The Provincetown Public Schools and the Cape Cod Lighthouse Charter School in Harwich both have middle school programs, but they have taken different approaches to grading since the schools were shut down in March.
Both schools have the same primary goal, to protect students’ well-being in a pandemic.
But Provincetown has maintained its system of grades, while Lighthouse switched to a credit-noncredit assessment method.
“We must take care of the social and emotional health of our kids,” said Paul Niles, Lighthouse’s executive director.
The charter school’s move away from grades is also being used by the Nauset Regional School District. But Provincetown administrators stand by their plan.
“Our mantra is our school building is closed but school is open,” said Provincetown Principal Timothy Reynolds. “This is a third of our school year, so if we want them moving forward, they have to be engaged. So we are grading.”
Lighthouse students must complete and pass 70 percent of their assignments to receive credit for their third trimester, which began March 13. The school has established multiple safety nets for students in difficult circumstances.
If a student has not done 70 percent of the assigned work, that triggers an administrative review, in which teachers come up with a plan to get the student over the hump.
“Maybe it’s summer work, maybe we sit down and look at the work the student did and the circumstances they were under and say, you know what, this was enough, we can give them a credit,” Niles said.
One reason for the school’s forgiving system is its special needs students. Out of 240 total students at Lighthouse, about 100 need special direction or extra contact, Niles said.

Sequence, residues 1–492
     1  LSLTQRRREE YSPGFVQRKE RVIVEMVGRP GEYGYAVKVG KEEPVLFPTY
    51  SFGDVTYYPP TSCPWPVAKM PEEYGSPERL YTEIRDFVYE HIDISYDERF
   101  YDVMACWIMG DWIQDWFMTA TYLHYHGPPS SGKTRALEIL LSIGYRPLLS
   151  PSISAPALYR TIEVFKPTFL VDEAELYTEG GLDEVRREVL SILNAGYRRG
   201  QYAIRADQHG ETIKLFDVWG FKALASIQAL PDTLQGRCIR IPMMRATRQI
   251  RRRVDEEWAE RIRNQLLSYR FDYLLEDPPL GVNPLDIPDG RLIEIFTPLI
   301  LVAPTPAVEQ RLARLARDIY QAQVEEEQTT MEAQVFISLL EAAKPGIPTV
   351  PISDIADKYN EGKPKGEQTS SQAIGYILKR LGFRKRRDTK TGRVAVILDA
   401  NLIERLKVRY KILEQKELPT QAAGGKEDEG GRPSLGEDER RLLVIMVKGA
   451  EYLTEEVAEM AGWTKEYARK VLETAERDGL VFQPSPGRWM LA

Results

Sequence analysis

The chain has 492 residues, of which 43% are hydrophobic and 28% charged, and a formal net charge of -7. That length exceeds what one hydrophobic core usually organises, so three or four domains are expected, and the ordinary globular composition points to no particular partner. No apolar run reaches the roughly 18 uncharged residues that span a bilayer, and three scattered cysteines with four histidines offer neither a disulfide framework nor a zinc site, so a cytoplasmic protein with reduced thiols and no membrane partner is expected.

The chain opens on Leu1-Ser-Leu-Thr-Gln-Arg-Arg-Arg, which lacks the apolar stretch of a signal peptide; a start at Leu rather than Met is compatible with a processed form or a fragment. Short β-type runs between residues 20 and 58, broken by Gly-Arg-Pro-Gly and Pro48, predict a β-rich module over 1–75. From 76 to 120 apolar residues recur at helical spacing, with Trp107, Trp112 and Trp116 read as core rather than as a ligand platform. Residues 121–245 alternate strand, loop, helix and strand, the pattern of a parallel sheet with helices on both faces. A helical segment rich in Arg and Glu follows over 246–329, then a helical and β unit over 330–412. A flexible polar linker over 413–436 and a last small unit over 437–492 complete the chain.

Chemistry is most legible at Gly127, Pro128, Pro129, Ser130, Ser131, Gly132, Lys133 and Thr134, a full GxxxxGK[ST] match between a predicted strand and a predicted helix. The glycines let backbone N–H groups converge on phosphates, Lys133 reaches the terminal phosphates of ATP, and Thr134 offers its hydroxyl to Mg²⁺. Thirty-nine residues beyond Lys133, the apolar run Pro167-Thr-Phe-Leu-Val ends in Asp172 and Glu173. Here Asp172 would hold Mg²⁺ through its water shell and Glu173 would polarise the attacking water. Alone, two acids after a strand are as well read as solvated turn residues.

About 50 students are on an individualized education plan.
Provincetown deals with similar demographics and shares the goal of accommodating every student’s unique circumstances, but it is using grades for middle schoolers as a way to connect with students and ensure participation.
Provincetown’s International Baccalaureate program assesses work on a scale from one, the worst, to seven, the best.
“We found, when we implemented this for our middle years program, student participation and efforts did increase,” said Reynolds.
The school has made tweaks to accommodate for virtual learning, a major one being that students will automatically receive a five for attendance, and a five for completing work.
Students can get on the honor roll with a five or higher, so by just showing up and submitting work, they will be honor students.
“It has been working amazingly well for some kids,” said English teacher Amy Rokicki. “Some kids have really kicked in. They love it, and are doing every assignment really well.”
About 62 percent of the school’s students are “high needs” — meaning they have a combination of economic, language, and learning issues — and 35 percent are classified as economically disadvantaged, according to the state Dept. of Education.
“A number of our students have significant responsibilities, caring for as many as three younger siblings, nieces, nephews, cousins, etc., daily while parents are at work, mostly in food service and health-care roles,” Rokicki said.
Provincetown Supt. Suzanne Scallion told her teachers that she is most concerned about the high-risk kids, and that a driving factor for continued grading is to give those kids an incentive to keep coming to school and growing as students.
Cape Cod Regional Technical High School has developed a hybrid grading system, encouraging students to perform well while not punishing them for circumstances out of their control, said Principal Billy Terranova.
The school is assigning grades of either A+, A, or B to assignments, but still giving a credit/noncredit mark at the end of the semester.
That way, students have the option to incorporate certain grades into their overall GPA if they choose.
Chris Ellssaser, principal of Nauset Regional High School, is going with the credit, no credit model.
“With GPAs and all of that, colleges will look at this as an anomaly,” he said.